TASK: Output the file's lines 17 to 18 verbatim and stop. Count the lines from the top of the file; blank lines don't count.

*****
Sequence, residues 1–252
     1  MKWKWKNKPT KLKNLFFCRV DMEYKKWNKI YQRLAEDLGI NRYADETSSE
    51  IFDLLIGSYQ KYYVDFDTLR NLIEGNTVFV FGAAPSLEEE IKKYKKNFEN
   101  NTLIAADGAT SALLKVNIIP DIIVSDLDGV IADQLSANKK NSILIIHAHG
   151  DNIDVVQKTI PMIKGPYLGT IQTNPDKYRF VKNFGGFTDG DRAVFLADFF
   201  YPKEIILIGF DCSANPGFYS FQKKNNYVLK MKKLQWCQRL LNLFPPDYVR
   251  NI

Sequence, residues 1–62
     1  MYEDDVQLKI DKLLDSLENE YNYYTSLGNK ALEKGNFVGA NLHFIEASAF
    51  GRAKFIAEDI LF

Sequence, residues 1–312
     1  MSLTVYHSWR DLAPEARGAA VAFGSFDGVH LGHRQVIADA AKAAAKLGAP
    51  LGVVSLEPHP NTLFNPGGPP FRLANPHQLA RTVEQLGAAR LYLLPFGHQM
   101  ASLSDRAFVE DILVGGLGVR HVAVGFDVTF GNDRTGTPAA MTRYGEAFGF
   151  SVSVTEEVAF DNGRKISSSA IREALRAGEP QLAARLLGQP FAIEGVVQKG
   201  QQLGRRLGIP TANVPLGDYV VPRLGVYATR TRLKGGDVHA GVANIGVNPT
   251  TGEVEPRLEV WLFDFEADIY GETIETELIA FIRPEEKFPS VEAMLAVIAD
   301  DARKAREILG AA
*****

   251  TGEVEPRLEV WLFDFEADIY GETIETELIA FIRPEEKFPS VEAMLAVIAD
   301  DARKAREILG AA